Charcuterie | The History
Charcuterie is derived from the term 'chair cuit', which translates to mean 'cooked meat'. Charcuterie is considered by some to be the art and science of making cooked meat preparations with special emphasis on pork. This ancient art, whose origins date back some 6,000 years, became popular during the Roman Empire when cuisine started to become sophisticated. It really hit its stride in France during the Middle Ages.
At that time, the French experienced a tremendous variety of meatloaves, sausages and cured items that were being prepared and sold in 'prepared-meat shops' also known as 'charcuteries'. These shops were owned and operated by individuals who were referred to as 'charcutiers'. Charcutiers were skilled individuals who not only had to possess the talent to season and cook moist and delicious foods, but also present those foods so they would be extremely attractive to customers who passed by or entered their shop. Charcutiers enjoyed great popularity and their customers were always interested to see the new creations being prepared.
During the late 1400s and into the 1500s, the French government had to maintain a strict separation between fisheries, slaughterhouses, butchers and charcuteries. Food related illnesses and diseases were becoming an epidemic. The government regulations kept the slaughtering of animals and fish, away from meat markets and ultimately kept the processing of raw meat from the charcutiers. Consequently, the charcutiers were at the mercy of the suppliers for product. As supply and demand go, so go the prices. Charcutiers were outraged at the situation they had been placed in by these government regulations. Their ability to slaughter and process their own animals, control their supply and costs and create different food items had been eliminated.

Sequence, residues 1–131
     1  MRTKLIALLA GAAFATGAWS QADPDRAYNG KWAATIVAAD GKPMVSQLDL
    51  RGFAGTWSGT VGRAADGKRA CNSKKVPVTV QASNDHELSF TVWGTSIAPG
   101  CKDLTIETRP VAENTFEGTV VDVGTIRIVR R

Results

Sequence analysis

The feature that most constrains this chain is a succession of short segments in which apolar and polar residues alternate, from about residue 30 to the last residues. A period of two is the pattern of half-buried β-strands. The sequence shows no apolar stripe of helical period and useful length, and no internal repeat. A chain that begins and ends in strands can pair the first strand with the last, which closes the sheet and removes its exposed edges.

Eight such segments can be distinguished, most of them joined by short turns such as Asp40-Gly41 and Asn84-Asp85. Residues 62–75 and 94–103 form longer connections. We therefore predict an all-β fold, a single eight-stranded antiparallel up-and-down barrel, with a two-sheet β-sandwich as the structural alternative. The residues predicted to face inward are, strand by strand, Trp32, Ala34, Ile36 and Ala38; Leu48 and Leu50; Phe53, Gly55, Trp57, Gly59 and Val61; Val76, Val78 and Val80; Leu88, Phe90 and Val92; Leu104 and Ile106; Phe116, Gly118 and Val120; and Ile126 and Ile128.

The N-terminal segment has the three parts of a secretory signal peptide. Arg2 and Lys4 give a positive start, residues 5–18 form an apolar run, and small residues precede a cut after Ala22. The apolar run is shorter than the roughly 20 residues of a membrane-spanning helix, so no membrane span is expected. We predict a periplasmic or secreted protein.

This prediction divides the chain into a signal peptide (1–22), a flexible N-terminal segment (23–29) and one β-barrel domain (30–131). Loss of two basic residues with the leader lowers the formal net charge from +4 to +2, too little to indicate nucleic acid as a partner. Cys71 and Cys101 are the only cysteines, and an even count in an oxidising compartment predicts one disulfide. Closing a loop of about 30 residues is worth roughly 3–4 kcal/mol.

The conflicts between these two work groups and the government's attempt to keep the peace brought a tremendous amount of attention to the work and products of charcutiers. An attempt to quiet the charcutiers resulted in the government allowing them to sell salted herring and a few other fish during Lent, when meat products were forbidden. Eventually, in the 1600s, government regulations eased and charcutiers were allowed to slaughter their own animals for processing.
Charcutiers began to experiment with different kinds of meat and fowl. This obviously resulted in new and different food items for customers to purchase. It also created great competition among the charcutiers, causing each to boost their culinary abilities in order to present the best possible products to their customers.
Over time, the products and processes made popular by the charcutiers of France spread to neighboring regions. Frankfurt, Germany became noted for the 'Frankfurter'. 'Genoa Salami' and 'Bologna' were produced in Genoa and Bologna, Italy respectively.
Travelers to America took the techniques they had learned and applied them to the natural resources they discovered. Pennsylvania became renowned for sausage preparation. Wonderfully cured and smoked hams were developed in Virginia and throughout the land everybody had their own variation of the classic meat loaf.
The original European regional specialties and the newer American creations have stood the test of time. 400-500 years later, they are available in any local or regional supermarket. This tremendous assortment of cooked, cured and stuffed meats, fish and poultry make up the field of Culinary Arts referred to as 'Charcuterie'.
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